Very limited funding means that needed Texas highway projects like development of Interstate 69 must be done over many years in small incremental projects such as this overpass in South Texas near Sinton.






Congress Hits the Snooze Button Again


August 9, 2014


Members of Congress passed out a short-term fix for the federal Highway Trust Fund then headed off into the heart of the fall election campaign season.


The $11 billion package sets aside only enough money to finance transportation projects until May 2015.  For the fifth time since 2008 the Congress has “hit the snooze button” with a patch that does not address the basic fact that American infrastructure is being massively underfunded.


Federal lawmakers are showing no appetite for a permanent fix or even a longer-term patch, both of which will require new revenue that faces the cold hard facts about the many real costs of inadequate transportation investment.


The Washington Post editorialized recently that “lawmakers don’t need more time; they need more spine.”  Both Senate and House funding ideas for the “patch” were based on budgetary gimmickery.  Most members simply don’t believe there is public support for the straightforward approach to raise needed money from transportation users.  In the short run  that would raising the federal fuels tax that has not changed since 1993 (18.4 cents/gallon on gasoline and 24.4 cents/gallon on diesel fuel).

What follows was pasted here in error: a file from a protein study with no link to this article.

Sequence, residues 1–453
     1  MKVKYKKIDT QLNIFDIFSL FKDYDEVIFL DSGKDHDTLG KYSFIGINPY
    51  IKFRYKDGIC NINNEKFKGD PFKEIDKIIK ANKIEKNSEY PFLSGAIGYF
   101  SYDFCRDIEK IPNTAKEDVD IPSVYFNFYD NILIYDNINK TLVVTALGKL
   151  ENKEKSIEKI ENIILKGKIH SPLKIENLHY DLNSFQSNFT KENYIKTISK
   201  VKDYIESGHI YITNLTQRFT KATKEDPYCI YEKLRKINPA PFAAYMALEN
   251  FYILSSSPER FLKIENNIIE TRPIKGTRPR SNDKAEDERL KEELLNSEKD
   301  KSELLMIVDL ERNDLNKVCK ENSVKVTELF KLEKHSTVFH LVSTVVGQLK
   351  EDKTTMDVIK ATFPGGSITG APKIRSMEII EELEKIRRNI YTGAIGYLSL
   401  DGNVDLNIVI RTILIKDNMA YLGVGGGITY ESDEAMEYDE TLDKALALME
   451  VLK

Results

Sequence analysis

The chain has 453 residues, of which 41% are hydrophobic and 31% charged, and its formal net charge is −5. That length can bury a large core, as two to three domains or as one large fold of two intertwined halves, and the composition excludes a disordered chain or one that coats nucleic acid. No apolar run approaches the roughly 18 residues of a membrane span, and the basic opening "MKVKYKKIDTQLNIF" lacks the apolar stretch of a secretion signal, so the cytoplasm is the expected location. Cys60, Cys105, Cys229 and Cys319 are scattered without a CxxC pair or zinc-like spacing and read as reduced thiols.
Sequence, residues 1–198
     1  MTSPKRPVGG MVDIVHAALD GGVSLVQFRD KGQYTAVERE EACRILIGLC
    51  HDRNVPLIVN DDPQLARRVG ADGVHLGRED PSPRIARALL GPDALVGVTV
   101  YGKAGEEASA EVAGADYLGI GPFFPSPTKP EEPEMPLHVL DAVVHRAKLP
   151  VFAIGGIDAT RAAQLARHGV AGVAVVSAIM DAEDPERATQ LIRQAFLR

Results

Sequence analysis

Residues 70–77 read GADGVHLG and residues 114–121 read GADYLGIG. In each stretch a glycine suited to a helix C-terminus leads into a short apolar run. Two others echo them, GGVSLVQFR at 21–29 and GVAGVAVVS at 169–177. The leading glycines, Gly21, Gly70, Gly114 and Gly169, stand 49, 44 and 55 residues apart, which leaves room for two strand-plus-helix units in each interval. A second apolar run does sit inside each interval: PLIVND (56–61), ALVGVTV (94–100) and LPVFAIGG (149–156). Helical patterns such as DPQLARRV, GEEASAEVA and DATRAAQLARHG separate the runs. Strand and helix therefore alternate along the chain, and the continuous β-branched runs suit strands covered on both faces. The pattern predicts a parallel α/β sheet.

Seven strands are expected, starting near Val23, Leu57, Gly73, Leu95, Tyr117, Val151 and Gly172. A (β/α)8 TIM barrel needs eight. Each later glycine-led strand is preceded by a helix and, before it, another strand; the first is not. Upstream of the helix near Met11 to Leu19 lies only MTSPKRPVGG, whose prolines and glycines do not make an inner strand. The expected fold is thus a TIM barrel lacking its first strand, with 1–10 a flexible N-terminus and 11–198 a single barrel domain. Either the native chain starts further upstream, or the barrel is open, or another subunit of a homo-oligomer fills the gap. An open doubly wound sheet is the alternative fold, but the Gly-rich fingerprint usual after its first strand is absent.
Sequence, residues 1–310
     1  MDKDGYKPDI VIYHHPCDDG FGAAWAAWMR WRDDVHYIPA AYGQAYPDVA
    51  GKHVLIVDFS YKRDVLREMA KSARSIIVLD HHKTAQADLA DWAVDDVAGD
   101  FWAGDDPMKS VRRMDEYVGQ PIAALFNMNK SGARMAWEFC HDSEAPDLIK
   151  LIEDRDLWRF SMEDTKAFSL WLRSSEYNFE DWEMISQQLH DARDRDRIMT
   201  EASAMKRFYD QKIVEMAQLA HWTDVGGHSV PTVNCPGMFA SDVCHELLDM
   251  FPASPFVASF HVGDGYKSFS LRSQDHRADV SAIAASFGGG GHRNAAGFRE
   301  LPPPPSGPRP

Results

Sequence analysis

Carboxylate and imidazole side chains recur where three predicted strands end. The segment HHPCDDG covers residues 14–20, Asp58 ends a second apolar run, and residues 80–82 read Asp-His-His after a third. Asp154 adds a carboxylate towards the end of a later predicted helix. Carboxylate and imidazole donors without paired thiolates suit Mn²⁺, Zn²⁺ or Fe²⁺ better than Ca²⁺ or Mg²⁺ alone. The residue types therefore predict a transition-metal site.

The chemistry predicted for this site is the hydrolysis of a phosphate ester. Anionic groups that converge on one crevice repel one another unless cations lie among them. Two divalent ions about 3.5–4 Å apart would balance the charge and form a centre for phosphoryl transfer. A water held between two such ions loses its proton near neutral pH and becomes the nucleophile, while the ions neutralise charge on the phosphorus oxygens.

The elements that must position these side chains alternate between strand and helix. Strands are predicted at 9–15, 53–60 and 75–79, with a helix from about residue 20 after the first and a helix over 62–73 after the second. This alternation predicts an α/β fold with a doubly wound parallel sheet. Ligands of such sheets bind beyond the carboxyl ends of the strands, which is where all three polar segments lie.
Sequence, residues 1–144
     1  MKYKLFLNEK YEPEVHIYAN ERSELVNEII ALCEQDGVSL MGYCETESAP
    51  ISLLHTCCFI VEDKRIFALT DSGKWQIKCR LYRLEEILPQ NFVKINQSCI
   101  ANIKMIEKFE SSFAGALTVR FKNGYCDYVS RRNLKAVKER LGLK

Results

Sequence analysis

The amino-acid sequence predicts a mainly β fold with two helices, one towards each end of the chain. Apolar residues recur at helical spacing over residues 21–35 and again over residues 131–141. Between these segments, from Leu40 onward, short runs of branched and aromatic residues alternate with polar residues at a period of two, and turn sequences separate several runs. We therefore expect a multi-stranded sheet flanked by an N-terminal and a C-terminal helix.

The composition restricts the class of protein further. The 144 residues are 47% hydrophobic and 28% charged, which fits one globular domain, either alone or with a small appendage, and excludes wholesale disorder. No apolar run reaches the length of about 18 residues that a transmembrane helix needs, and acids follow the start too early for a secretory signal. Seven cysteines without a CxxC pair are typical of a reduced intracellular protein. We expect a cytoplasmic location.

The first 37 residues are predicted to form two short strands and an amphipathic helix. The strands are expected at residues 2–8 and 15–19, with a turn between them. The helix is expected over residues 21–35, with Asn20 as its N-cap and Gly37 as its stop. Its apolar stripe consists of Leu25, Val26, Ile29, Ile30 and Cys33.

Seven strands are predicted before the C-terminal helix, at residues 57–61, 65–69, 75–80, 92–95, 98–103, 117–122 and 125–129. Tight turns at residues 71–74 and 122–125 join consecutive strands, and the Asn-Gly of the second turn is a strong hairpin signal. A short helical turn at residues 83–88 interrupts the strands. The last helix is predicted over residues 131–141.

There are voices in the Congress proposing additional revenues.  Senate Democrat Chris Murphy of Connecticut and Republican Bob Corker of Tennessee recently offered a plan that would raise the gas tax by 12 cents over the next two years, raising $164 billion over the next decade and covering the shortfall in the Highway Trust Fund. It would index the gas tax to inflation, pegging it to the Consumer Price Index, to avoid future shortfalls. Their effort went nowhere this year. “I haven’t heard of a single person that doesn’t realize this issue has got to be dealt with, and the way we’ve been dealing with it is totally irresponsible,” said Corker.


Moving the other way, some in Congress have proposed  a plan that would eliminate most of the federal gas tax paid by motorists.  The concept, commonly referred to by transportation observers as "devolution," calls for lowering the gas tax in phases from 18.4 cents-per-gallon to 3.7 cents in five years.


During the same time period, the bill would transfer authority over federal highways and transit programs to states and replace current congressional appropriations with block grants.  Sen. Mike Lee, the primary sponsor of the gas tax reduction proposal, said that it would give states more control over transportation funding that they collect via their own fuel levies.  


The devolution plan would mean that Texas and other states would have to take the political hit for raising gas taxes and user fees in order to replace funding that comes back through federal Highway Trust Fund reimbursements.


Yet some states and cities desperate to build and repair roads are raising revenue and turning to more tolling.  Six states have raised gasoline taxes in the past year and others have raised that possibility as part of the funding crisis conversation.


At the core of the issue is the fact that states have highway construction and preservation costs that raise with inflation but they have revenue sources that don’t because they are fixed amounts.  Texas State Rep. Joe Pickett, chairman of the House Select Transportation Committee, has made it his mission to make this point to the public and fellow lawmakers.